(Bloomberg View) — As lawmakers in Washington continue their debate over how to modify the U.S. health insurance market, health care investors and business leaders around the world need to see past the political drama and run their businesses with a view toward improving value in health care. If they succeed, it will make a bigger difference for the cost and quality of care — globally and for most Americans — than whatever action is taken by Congress.
We’ve just finished a study involving 300 senior health care executives from leading companies in health care services, pharmaceuticals, biotechnology and medical devices, along with top investors in the field. And it’s clear that they see big changes in the years ahead, driven largely by pricing pressure across the industry.
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The pricing pressures, in turn, are expected to drive innovation. Interestingly, in the coming years, changes in how health care payments are made are expected to be the most important form of innovation, though scientific breakthroughs will also play a critical role. What’s more, these leaders expect health care companies to engage in new partnerships and collaborations — including with nontraditional competitors in the technology world, such as Google, IBM, Apple and Fitbit.
Most surprisingly, we found strong expectations that value-based payments for medical care will displace the traditional fee-for-service model, transforming the industry over the next five to 10 years. Despite doubts after the recent presidential election that the movement away from fee-for-service would continue, more than half of American executives and four-fifths of American investors who responded to the survey after Nov. 8 said they believe the majority of U.S. health care payments will be value-based before 2020 — that is, in less than three years, a stunning shift. And the industry still expects the government to lead the way; most respondents said the U.S. Centers for Medicare and Medicaid Services will drive the payment change, though many also see private health insurers playing an important role.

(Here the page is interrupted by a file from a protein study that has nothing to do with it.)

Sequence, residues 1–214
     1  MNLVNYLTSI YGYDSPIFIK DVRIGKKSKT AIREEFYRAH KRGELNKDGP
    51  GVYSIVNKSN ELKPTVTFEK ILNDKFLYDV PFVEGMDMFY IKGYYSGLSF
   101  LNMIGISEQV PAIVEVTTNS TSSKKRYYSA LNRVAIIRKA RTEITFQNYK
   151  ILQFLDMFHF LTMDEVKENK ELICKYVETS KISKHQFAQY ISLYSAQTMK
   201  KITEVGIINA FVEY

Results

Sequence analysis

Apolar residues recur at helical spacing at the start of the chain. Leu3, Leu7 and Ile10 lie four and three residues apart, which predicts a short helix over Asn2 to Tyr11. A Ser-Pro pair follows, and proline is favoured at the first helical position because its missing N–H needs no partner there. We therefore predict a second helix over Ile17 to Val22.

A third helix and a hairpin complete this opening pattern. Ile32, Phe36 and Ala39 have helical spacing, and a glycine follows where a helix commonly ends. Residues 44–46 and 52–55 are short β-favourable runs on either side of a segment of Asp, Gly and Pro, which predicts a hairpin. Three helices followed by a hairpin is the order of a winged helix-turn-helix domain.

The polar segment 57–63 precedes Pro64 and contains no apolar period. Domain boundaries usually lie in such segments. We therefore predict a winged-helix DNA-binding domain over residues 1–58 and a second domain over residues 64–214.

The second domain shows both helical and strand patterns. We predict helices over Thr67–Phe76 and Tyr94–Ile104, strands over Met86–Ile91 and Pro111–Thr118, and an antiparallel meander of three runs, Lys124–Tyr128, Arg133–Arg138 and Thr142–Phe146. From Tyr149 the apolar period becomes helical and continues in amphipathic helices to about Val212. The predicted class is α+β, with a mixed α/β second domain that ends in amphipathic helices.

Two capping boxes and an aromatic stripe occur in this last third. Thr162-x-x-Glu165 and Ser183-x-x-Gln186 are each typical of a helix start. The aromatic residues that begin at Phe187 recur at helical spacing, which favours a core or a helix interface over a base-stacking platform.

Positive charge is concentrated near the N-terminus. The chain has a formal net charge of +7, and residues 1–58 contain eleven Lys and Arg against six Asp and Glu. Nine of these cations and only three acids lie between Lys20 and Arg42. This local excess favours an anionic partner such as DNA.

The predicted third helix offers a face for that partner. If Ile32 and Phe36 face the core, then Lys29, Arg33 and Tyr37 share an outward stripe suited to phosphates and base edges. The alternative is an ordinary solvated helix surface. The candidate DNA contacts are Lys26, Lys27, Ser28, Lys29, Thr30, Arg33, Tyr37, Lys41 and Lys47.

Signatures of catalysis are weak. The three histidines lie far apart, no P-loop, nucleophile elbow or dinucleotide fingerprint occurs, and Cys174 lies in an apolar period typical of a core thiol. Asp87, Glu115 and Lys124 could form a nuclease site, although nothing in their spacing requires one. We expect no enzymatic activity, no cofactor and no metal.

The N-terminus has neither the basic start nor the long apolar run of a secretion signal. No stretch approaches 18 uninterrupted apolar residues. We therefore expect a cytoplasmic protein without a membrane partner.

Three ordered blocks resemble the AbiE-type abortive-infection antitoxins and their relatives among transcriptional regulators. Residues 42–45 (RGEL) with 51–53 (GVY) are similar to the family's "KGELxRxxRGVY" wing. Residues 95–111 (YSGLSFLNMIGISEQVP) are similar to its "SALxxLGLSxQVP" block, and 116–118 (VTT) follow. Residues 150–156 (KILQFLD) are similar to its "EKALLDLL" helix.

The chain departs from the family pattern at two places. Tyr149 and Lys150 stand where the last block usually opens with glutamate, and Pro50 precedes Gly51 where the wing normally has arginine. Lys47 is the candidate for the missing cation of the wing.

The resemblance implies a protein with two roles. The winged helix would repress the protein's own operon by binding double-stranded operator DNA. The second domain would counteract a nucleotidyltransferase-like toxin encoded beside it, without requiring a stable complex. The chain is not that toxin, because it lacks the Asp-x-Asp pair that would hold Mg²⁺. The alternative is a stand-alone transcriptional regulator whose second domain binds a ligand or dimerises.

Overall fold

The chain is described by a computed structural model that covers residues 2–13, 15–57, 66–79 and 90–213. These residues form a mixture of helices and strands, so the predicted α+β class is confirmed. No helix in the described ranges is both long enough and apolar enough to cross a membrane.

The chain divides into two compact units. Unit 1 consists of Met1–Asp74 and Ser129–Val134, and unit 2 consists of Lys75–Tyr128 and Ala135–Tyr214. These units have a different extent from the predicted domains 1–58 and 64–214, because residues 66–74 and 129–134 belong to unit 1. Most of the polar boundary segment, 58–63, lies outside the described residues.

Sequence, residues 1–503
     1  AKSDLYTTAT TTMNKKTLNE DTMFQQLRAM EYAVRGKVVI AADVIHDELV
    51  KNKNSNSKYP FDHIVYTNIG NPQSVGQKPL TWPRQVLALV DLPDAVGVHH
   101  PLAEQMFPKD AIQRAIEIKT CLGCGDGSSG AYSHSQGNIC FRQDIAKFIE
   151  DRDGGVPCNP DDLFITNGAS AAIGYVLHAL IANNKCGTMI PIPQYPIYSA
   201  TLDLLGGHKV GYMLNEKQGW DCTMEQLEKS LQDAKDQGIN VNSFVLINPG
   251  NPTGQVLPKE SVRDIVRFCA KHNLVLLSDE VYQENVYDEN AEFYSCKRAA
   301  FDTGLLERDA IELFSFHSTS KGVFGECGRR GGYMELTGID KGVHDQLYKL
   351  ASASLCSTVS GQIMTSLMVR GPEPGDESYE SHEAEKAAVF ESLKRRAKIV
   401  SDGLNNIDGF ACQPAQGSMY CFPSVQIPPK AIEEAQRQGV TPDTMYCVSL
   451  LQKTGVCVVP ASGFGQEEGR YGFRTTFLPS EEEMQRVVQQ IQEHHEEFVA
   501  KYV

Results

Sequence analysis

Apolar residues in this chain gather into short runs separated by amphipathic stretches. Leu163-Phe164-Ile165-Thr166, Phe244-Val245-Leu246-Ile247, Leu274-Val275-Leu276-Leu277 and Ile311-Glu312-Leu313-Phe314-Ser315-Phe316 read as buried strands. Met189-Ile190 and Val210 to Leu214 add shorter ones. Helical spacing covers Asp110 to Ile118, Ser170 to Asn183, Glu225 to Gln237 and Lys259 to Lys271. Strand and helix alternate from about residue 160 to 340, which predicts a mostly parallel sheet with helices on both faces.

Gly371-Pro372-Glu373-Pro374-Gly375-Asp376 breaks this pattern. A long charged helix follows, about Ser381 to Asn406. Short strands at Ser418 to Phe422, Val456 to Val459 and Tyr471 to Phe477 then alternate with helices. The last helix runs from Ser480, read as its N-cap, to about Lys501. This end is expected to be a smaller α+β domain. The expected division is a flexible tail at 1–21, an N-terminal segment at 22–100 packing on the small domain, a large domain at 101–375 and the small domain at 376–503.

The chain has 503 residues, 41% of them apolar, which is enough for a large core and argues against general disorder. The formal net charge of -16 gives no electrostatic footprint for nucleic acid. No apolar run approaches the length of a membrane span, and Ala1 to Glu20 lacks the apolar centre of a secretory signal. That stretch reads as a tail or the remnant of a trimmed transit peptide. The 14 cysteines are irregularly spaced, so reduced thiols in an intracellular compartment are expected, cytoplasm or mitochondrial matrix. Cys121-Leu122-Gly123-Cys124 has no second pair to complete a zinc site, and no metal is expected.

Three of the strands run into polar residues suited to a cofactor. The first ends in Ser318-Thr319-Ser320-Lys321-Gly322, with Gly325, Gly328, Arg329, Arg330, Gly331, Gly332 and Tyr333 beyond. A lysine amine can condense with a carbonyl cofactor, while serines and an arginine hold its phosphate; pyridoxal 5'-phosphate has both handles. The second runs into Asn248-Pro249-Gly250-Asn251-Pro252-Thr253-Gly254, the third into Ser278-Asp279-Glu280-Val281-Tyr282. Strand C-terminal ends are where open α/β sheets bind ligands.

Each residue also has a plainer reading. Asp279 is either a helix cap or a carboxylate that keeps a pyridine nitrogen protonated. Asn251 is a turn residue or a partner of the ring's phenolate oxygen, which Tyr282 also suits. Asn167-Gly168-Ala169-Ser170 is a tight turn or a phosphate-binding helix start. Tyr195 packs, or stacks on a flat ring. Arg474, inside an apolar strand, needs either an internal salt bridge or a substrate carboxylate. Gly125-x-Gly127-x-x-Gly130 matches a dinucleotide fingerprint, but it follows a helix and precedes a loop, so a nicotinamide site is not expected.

To be sure, there were differences among subsets of the industry. Pharmaceutical and biotech executives, for example, tended to be more skeptical about value-based payments, with more than 70% doubting they would prevail before 2020. These leaders clearly had other issues on their minds; they were the most worried about pricing pressure and political risks, especially in the U.S. Almost three-quarters of American pharma and biotech executives listed the “political environment” as one of the top three drivers of drug pricing pressure, for example, whereas only about 40% of European pharma/biotech executives did.